Opening of public consultation for the small-scale production project
The government says a small-scale generation (SSG) scheme in 2023 will allow farmers and other businesses to maximize their participation in the energy transition and provide an easier route to market for community projects.
This will be for renewable power generation technologies with power output greater than 50 kilowatts, but less than typical commercial generators.
Already, a support program for micro-generations (MSS) offers the first phase of support to self-consumers of renewable energies for installations below 50 kW.
It includes a solar PV grant program for domestic customers, and later this year businesses, farms and community buildings can also apply for an MSS grant, to generate up to 5.9 kilowatts.
The subsidy will be similar to that for individuals (up to €2,400).
Non-domestic MSS projects between 6kW and 50kW will be paid by electricity suppliers for exported electricity over 15 years, initially at a rate of €0.135 per kWh. This exported electricity will be capped at 80% of estimated production, in order to encourage self-consumption.
Larger-scale commercial generators can receive support under the Renewable Electricity Support Scheme (RESS), which includes a community category dedicated to projects between 0.5 and 5.0 megawatts.
To help inform the design and delivery of the SSG, a public consultation has been opened until September 29, 2022.
SSG will help achieve the 80% renewable electricity target in the 2021 Climate Action Plan, and will be a key tool in reaching the increased target of 5.5 gigawatts of solar power by 2030 , which was announced by the government in the agreement on sectoral policies. emissions caps.
The SSG will also fit into the proposed REPowerEU plan to end reliance on imported fossil fuels from Russia by 2030.
REPowerEU includes mandatory rooftop solar PV for all public/commercial buildings with at least 250 square meters of floor space by 2027, and for all new residential buildings by 2029.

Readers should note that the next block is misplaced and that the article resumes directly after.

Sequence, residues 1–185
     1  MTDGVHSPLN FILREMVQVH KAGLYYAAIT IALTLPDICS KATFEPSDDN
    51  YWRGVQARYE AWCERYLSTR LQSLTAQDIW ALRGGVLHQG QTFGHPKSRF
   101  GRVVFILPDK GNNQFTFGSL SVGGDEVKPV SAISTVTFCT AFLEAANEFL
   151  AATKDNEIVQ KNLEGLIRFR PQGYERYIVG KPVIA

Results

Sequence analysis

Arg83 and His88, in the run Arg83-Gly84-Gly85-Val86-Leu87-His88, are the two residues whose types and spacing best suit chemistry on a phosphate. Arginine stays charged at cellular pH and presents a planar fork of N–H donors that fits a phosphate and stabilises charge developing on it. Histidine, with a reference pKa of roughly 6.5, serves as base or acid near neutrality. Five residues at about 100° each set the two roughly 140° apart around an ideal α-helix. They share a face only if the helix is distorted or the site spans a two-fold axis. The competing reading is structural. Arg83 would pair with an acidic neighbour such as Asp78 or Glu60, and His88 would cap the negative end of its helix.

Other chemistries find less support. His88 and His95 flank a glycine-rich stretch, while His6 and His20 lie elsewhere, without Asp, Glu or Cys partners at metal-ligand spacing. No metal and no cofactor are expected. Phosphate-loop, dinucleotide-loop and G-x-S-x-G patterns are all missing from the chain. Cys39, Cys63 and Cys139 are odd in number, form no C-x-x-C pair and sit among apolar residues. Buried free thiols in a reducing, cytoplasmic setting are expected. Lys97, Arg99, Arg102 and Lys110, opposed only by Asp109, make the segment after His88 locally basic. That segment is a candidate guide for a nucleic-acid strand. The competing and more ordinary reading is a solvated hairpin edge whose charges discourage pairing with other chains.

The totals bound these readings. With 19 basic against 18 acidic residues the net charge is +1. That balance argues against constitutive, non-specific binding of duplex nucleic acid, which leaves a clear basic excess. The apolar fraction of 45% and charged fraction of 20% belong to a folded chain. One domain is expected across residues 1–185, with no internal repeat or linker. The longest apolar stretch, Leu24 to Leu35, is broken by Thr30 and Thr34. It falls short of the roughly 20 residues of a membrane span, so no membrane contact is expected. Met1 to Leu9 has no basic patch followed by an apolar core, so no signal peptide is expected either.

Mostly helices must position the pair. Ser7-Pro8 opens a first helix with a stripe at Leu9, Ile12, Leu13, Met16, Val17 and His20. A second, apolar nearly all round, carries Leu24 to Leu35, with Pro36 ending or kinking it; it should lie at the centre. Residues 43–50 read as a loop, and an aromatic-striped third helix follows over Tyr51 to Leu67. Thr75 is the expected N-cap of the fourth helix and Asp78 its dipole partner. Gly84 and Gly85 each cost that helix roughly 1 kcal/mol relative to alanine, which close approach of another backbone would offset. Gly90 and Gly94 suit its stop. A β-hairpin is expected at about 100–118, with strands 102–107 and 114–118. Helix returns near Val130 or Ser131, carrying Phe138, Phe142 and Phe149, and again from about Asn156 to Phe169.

Micro- and small-scale generation can offer domestic, community, agricultural, commercial and industrial customers the opportunity to take the first steps towards investing in renewable technologies, while shaping electricity demand and decarbonizing homes and businesses.
The SSG is likely to meet the needs of farms with high electricity demand, such as pig or poultry farms, and the export of electricity to areas with high local demand, where the electricity grid can meet it.
Meanwhile, the MSS or RESS will also continue to provide income and investment opportunities to farmers.
The SSG also aims to protect consumers from high fossil fuel prices, including customers who are financially vulnerable or at risk of fuel poverty.
For non-domestic SSG applicants, EU state aid rules will apply to grants.
The government recognizes that for SSG to be successful, sufficient availability of grid connections and revised planning regulations will be required. The installation and maintenance of projects must also be facilitated.
Provision is also made in the design of the SSG to alleviate the level of complexity found in the application to the RESS.
The level of the SSG subsidy will be set at a level that incentivizes the adoption of technologies whose revenues or benefits do not outweigh the cost.
The Department of Environment, Climate and Communications (DECC) states that all responses and submissions under the SSG public consultation are welcome and will be considered.
Full details are on the DECC website. Submissions can be made by email to: [email protected]